Review: Black Helium ‘Um’

Back again on Riot Season, Black Helium assault our senses with another lurid slab of burned-out psych. Making a play for album-title-of-the-year, Um offers a similar mix of approaches as 2020’s The Wholly Other, although with perhaps a bit less of the overtly heavy dooming they let rip with on that record’s One Way Trip. There’s a certain structural similarity also, opening with a couple of catchy numbers, then setting off into stranger territory before jamming towards a warm bath and a smoke to calm down.

Black Helium 'Um'

Um comes on with the patient beginnings of Another Heaven, pulling ambiguously in various directions as they build towards an anthem for damaged seekers. The momentum builds through robot-rock eccentricities and danceable jangly rhythms shaking tambourines. Drawing on the classicism of washed-out vocals, they turn our wide eyes towards the dark, in a fine tradition of ‘uncomfortable trip’ music. Why do we dig it? Both the music and the experience that is? The worm in the bud, and the sinister just out of sight, the shadow behind the door…

Black Helium are prone to lapses of grandiose expanse, drawing from the sheen of a Snail or Monster Magnet epic, or the desert’s fuzz and groove, stepping back into half-speed riffing and a wave of synth but through all this, the impulse to go way way out is still evident. All bright and perky, I Saw God builds on the anxiety that can follow the vision, happy to be an apparently simple song, but insidious in its hooks while barely holding together the nervous energy in the spaces between. As with the first two songs of The Wholly Other, I can tell that I’m going to be walking around with bits of this in my head for a good while.

And indeed, from here ‘way out’ is where we are heading, into the nugget of strangeness that is Dungeon Head. Idiosyncratic instrumentation meets cavernous percussion and delicate vocals in what could be a Masters Of Reality jam room take, signalling the shift to more free-wheeling material over the second half of the album.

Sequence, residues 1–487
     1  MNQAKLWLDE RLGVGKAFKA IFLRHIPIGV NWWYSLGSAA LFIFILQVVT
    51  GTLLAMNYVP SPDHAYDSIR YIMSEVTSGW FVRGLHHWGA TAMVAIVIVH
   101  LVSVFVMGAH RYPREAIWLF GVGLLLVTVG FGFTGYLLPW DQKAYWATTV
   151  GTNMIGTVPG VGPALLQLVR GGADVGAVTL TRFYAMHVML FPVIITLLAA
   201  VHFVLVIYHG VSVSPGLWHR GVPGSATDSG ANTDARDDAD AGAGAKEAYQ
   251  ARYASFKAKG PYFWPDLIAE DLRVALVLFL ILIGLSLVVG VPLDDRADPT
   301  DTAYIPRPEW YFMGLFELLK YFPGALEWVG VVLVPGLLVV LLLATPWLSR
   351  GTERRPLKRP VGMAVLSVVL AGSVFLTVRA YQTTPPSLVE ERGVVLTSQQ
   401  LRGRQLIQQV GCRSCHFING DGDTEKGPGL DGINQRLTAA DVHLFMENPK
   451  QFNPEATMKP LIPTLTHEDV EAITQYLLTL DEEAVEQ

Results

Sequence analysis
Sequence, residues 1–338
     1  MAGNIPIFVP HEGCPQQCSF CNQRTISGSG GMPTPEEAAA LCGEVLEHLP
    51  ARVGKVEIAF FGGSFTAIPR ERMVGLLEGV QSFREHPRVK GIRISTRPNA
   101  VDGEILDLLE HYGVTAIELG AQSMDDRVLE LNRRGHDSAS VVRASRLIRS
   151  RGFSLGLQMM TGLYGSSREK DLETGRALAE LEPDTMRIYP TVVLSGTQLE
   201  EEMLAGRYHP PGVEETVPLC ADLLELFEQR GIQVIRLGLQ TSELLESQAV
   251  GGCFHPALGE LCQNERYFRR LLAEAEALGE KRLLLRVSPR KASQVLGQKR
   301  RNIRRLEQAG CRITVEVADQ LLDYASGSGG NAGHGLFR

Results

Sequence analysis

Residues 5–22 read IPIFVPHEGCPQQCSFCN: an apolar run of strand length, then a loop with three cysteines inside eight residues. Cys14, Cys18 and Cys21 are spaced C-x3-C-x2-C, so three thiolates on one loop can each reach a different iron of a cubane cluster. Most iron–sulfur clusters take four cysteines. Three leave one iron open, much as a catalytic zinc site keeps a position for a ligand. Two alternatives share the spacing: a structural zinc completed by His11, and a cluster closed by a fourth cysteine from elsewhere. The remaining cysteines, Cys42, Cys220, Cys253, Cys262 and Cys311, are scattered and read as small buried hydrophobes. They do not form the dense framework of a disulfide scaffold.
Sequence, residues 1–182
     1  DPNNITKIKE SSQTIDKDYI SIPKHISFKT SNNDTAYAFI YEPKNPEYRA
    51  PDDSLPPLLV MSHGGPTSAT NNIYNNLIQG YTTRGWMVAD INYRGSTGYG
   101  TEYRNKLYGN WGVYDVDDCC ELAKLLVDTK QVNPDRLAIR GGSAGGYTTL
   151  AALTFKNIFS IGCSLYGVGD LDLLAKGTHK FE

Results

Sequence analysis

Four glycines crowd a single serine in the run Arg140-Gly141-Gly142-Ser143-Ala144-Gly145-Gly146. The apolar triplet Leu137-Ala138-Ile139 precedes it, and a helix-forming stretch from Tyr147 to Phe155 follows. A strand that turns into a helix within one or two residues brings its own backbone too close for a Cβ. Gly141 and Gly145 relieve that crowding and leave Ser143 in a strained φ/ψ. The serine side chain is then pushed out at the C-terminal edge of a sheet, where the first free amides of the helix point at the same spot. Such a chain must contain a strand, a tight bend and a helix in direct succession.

Idiosyncratic instrumentation meets cavernous percussion and delicate vocals in what could be a Masters Of Reality jam room take…

I’m not sure whether Summer Of Hair is supposed to conjure a sideways nostalgia for some psychedelic heyday or an appalling Fortean meteorological event, but it shows Black Helium in hypnotic-propulsive mode, kosmische chunter emphasising the trance dance aspect as synth pads push to the fore. Melodic elements drift across the space but – as underscored by the wonderfully silly video – this is a celebration of simplicity.

Another blast of madcap discord gives way to classic rock jamming and announces that we have reached the long and meandering closer The Keys To Red Skeleton’s House (Open The Door). This fifteen minuter covers a lot of ground, and to me feels a bit aimless at times, but perhaps this is a sign of how comfortable with itself the song is, beholden to no other force than what feels right. Somewhere along that journey, we settle into the sub-titular refrain of ‘I open the door’ which is where Black Helium kick back, with enough grounding to swing into a last boogie, before setting us gently back down to earth.

While I’ve written about the darkness that such music nods towards, the overall feel of Um is celebratory, not too serious and full of a sense of fun and freedom. It’s a generous album in that respect, the band sharing with us the joy of its creation and giving permission to just have a good time. Sometimes I feel like my record shelf is a bit light on albums like that, and I certainly have space for this alongside the last one, even if I do need sunglasses to look at the cover.

Label: Riot Season
Band Links: Facebook | Bandcamp | Instagram

Scribed by: Harry Holmes